Hurricane María approaching Puerto Rico on September 19, 2017. NOAA GOES-16 satellite image overlaid on NASA Blue Marble background image. Image by Tim Loomis, NOAA Satellites group. 
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NOAA Climate Analyses and Statistics

Did you know that NOAA regularly publishes articles that summarize recent weather events and the state of the climate ( https://www.noaa.gov/topic-tags/climate-analyses-and-statistics )? Generally, articles are released about twice or three times a month, and contain information about significant weather events, climate statistics for the United States for the previous month, and notes about significant studies or papers which have been published about the state of the climate. See below for details about some recent articles!

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Trick or Treat: Halloween Weather around the Nation

Here in upstate New York it is a blustery fall day. The peak foliage and sunny days we have been enjoying came to an abrupt end yesterday as heavy rainfall and strong winds resulted in many trees dropping their leaves (time to do some raking!!). Suddenly it feels like mid- to late-fall, and many children are busy thinking about what they will be for Halloween. We thought it might be fun to take a look around the country to see what the trick-or-treaters can sometimes face in their quest for candy around the neighborhoods.

Peebles Island State Park, October 14, 2019.
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Highlights from the State of The Climate 2018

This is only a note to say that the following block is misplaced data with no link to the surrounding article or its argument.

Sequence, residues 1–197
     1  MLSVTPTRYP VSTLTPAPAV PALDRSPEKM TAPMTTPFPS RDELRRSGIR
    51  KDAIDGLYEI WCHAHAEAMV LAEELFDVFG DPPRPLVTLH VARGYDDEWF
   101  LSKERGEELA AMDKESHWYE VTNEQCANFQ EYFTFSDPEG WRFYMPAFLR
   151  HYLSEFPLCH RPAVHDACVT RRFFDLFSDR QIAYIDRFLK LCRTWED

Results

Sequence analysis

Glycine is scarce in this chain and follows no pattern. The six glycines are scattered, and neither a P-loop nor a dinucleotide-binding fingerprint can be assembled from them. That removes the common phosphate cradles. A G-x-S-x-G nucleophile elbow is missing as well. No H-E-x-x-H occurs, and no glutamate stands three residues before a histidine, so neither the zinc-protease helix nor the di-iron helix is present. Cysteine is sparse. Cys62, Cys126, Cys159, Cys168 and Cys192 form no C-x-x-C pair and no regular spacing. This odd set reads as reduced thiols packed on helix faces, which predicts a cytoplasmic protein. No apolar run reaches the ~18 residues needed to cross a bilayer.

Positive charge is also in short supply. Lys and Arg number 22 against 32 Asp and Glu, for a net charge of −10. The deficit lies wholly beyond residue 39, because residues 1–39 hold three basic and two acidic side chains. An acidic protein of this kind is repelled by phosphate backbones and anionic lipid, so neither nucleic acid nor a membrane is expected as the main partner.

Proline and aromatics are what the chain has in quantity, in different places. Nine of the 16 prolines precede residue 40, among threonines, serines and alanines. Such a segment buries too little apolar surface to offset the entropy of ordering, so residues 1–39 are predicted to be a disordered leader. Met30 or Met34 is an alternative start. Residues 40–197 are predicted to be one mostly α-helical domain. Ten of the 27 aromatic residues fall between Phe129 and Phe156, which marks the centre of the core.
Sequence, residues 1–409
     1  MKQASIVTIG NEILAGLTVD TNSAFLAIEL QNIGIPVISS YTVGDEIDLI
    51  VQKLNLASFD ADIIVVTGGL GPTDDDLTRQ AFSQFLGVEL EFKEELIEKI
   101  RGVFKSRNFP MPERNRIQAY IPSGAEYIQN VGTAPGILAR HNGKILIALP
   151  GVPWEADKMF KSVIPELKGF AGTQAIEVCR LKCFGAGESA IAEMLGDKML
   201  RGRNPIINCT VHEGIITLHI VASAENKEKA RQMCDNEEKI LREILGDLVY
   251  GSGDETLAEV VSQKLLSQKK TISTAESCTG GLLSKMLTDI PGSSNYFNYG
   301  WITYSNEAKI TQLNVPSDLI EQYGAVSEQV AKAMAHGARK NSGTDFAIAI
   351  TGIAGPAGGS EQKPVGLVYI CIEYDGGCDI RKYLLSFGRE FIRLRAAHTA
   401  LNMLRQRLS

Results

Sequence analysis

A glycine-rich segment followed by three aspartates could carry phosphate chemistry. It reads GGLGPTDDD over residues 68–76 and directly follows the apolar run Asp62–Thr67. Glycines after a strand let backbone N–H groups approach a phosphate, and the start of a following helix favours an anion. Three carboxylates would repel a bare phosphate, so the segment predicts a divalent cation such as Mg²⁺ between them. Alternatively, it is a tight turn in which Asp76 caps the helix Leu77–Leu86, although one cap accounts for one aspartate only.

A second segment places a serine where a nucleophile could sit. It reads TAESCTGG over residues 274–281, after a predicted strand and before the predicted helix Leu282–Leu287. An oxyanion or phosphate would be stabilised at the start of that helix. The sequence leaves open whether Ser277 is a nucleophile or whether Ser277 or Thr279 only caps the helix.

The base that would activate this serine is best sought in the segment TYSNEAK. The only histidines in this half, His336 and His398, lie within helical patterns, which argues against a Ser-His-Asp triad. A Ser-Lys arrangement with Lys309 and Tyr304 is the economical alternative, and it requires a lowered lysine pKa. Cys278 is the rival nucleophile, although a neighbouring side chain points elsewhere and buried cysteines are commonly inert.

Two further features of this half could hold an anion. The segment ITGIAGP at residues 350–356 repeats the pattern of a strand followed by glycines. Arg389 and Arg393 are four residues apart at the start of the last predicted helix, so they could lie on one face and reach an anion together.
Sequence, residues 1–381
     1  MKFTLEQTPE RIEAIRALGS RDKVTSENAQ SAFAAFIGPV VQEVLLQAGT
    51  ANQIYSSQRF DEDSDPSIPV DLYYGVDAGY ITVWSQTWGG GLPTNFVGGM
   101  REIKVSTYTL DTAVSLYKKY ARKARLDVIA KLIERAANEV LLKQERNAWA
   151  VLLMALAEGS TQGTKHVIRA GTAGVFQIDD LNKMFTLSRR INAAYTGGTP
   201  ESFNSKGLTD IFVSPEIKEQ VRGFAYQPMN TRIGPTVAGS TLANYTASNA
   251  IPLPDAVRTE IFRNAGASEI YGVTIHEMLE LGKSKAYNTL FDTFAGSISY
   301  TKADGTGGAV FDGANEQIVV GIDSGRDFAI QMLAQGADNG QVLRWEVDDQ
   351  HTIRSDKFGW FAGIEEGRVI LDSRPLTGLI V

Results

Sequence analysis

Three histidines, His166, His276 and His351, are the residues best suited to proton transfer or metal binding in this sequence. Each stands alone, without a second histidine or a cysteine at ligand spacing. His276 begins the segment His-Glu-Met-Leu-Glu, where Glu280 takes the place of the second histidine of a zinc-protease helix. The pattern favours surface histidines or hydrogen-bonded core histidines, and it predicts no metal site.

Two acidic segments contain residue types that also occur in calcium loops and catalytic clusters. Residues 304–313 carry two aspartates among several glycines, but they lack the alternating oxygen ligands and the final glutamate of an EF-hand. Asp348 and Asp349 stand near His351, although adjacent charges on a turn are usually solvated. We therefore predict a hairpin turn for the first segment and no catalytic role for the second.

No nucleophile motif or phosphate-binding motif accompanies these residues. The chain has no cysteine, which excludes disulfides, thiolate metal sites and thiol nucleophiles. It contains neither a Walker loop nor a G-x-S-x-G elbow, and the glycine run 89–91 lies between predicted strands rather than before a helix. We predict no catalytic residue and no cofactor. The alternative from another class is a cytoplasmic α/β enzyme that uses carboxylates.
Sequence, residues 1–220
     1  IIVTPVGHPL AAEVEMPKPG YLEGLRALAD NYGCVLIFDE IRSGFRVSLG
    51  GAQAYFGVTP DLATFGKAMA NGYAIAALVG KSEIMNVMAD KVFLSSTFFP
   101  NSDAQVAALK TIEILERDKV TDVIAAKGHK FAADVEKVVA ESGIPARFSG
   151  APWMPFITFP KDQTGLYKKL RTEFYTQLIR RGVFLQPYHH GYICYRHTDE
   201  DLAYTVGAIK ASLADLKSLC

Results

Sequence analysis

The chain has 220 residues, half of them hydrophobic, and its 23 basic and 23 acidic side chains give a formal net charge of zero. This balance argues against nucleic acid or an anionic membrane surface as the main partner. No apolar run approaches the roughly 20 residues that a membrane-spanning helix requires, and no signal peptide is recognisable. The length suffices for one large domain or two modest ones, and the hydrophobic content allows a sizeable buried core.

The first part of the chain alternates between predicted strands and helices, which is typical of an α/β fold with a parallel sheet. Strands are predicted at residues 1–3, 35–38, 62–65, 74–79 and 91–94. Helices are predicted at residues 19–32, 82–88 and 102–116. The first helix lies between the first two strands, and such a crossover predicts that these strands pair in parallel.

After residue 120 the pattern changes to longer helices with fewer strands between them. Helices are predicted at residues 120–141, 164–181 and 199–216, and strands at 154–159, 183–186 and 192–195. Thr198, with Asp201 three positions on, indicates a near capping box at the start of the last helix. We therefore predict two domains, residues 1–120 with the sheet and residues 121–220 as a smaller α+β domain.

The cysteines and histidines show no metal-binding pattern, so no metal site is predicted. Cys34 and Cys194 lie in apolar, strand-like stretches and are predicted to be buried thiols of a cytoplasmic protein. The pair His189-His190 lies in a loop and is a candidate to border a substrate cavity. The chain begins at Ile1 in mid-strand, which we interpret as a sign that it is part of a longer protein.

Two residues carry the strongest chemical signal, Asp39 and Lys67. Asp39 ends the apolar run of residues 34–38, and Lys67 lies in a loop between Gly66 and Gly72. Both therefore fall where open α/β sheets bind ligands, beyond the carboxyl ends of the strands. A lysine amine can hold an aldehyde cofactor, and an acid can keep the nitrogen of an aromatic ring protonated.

Just three days ago, on August 12, 2019, the American Meteorological Society (AMS) released the newest State of the Climate providing a detailed update on global climate indicators, notable weather events, and other data collected. The State of the Climate in 2018 is the 29th issuance of this international, peer-reviewed publication that is released each summer. The report is based on contributions from scientists around the world and is compiled by NOAA’s National Centers for Environmental Information. Although we can’t possibly cover all the topics in one blog post, we wanted to share some highlights with you, and we invite you to take a look at the report as well! It is full of valuable information, and we believe that an informed community is a resilient community.

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Looking back at U.S. Climate in 2018

Although most people tend to look back and on the past year around the holidays and at the beginning of a New Year, I also like to reflect back once spring has truly sprung. The sun illuminates our days even longer, the world is full of beautiful new blooms, the birds are chirping, and it seems that everything is truly “new” again. So for this week’s blog, I thought that this would be a perfect time to look back at 2018 and really take in all that happened across the U.S. weather-wise.